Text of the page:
Chicago police officers are cooking with children in a new program designed to improve community relationships.
The youth-led program, “Healthy Plates with Police,” is bringing officers and children together to learn about nutrition and preparing healthy meals.
“We need to be able to eat more healthy meals,” Officer Delbert Howell said. “We need to know how to prepare more healthy meals more importantly and have more fun as we are doing it.”
The K–12-based cooking program was founded in 2018 by the nonprofit Healthy Place. It is held at Kennedy-King College’s culinary school, which also provides the food.
“It’s for K–12, and we are able to teach healthy meals and how to make meals they can buy in their own grocery stores in their own neighborhood,” Howell explains.
Since its inception, more than 1,000 young people across the city have participated in the program.
According to Healthy Place’s website, it’s mission is “to provide under privileged youth education and training for living a healthy lifestyle while earning a honest living by way of agriculture.”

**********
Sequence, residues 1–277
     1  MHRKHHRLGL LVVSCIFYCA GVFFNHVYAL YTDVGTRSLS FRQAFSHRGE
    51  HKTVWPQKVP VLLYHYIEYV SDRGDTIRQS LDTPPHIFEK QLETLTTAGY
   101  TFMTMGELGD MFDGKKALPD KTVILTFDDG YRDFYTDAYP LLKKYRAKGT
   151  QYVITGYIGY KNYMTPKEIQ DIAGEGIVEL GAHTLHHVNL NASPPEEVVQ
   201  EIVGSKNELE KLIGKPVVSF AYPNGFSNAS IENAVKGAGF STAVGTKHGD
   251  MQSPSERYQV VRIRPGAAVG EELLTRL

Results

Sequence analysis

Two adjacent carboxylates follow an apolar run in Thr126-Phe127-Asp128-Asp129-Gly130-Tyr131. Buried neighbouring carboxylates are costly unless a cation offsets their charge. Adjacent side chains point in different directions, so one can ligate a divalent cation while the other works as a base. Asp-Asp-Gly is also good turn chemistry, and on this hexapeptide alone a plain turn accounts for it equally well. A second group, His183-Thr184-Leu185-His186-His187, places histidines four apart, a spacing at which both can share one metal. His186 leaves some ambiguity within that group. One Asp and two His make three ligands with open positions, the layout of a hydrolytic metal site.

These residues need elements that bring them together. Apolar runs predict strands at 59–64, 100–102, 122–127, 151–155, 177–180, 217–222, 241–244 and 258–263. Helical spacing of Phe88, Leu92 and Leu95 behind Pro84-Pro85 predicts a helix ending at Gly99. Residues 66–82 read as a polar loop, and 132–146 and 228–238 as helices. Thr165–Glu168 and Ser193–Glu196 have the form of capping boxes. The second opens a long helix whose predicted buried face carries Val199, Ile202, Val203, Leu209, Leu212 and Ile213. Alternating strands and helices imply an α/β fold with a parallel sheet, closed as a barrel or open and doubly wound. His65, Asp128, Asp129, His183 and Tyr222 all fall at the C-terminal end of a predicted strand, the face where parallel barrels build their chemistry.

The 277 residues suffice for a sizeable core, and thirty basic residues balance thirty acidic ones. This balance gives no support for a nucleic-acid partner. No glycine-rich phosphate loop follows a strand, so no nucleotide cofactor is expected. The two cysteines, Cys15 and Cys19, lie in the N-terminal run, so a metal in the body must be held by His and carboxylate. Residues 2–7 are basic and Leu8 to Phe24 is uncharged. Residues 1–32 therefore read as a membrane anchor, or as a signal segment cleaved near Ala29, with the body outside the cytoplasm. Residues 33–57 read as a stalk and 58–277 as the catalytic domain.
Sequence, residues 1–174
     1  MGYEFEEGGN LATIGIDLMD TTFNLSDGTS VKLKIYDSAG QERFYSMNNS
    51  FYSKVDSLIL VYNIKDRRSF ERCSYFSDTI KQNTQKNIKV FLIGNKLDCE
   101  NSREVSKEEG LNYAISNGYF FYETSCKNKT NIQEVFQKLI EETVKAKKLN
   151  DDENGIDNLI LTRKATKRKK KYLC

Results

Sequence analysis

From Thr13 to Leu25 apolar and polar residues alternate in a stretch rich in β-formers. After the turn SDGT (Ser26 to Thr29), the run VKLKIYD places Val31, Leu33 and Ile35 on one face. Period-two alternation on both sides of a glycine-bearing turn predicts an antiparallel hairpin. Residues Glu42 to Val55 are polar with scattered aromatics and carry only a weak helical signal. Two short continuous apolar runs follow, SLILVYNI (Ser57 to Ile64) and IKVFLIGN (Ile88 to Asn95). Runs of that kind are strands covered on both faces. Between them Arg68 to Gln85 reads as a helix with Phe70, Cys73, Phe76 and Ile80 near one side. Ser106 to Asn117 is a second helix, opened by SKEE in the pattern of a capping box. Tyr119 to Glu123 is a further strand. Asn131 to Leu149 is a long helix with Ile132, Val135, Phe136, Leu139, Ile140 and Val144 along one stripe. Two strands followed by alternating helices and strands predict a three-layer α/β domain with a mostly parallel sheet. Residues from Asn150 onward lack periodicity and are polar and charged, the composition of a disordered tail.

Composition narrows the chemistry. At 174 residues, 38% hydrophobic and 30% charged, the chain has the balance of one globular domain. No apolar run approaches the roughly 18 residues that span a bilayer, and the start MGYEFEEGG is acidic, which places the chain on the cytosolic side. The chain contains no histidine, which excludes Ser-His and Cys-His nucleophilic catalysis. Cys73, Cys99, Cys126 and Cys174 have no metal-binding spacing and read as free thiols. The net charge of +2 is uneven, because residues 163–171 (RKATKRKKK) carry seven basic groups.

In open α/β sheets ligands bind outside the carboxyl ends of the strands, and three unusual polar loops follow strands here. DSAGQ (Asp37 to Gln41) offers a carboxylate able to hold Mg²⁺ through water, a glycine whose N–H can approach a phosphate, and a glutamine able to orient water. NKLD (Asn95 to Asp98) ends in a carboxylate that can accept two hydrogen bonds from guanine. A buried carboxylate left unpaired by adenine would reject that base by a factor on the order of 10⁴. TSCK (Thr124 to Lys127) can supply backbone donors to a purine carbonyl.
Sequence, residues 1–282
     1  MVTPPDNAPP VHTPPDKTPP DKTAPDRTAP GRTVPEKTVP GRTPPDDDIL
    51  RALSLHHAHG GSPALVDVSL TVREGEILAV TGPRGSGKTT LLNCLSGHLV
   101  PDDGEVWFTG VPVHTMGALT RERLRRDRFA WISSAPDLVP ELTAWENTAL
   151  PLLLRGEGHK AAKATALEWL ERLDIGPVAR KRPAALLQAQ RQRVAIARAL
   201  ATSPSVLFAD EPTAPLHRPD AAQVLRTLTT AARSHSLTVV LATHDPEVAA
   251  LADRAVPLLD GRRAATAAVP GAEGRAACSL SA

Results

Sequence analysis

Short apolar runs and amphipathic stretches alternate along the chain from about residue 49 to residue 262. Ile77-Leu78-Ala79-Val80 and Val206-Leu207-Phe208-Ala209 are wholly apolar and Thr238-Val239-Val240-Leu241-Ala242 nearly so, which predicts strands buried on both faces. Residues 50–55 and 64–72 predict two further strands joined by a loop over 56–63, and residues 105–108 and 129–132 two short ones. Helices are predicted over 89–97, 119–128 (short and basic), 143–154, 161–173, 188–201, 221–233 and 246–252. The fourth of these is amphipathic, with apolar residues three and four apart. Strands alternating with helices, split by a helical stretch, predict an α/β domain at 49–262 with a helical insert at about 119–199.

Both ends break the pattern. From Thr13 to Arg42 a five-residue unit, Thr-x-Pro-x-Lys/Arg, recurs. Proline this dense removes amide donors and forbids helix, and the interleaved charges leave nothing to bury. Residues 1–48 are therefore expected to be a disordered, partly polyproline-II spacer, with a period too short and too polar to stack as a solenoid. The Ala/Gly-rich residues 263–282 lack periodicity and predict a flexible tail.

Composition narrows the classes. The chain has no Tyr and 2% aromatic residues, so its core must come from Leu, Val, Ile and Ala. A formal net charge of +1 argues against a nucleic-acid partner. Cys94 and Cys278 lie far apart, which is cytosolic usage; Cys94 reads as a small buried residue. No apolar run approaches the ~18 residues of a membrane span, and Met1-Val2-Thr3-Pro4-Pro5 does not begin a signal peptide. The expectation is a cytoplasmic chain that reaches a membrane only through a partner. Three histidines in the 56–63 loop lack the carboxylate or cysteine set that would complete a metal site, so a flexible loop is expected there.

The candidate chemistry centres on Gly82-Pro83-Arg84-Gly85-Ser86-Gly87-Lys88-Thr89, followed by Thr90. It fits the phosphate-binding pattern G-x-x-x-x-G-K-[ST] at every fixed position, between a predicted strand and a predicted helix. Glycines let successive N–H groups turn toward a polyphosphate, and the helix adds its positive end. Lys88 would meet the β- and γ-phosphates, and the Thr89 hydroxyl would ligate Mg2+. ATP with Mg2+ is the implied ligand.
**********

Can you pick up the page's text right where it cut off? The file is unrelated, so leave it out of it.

Howell said the program is able “to help the police, community, youth and parents engage all at the same time.”
“When you’re breaking bread with people, you’re engaging, having a good time. That’s one of the reasons we started Healthy Plates With Police.”
Recently, the program had its first meeting since the pandemic broke out. More than a dozen family and youth members participated.
“We started this because we also wanted to give our youth an ability to have a vocational skill,” Howell added. “And we want to expand other vocational programs … we started with culinary. This is a skill they can take for the rest of their lives.”
The Harmon family said the experience was “awesome.”
“The head chef starts with a demo. And we follow him from there,” Jaime Harmon said. “It comes fully stocked with aprons and chef hats, and it’s a great experience.”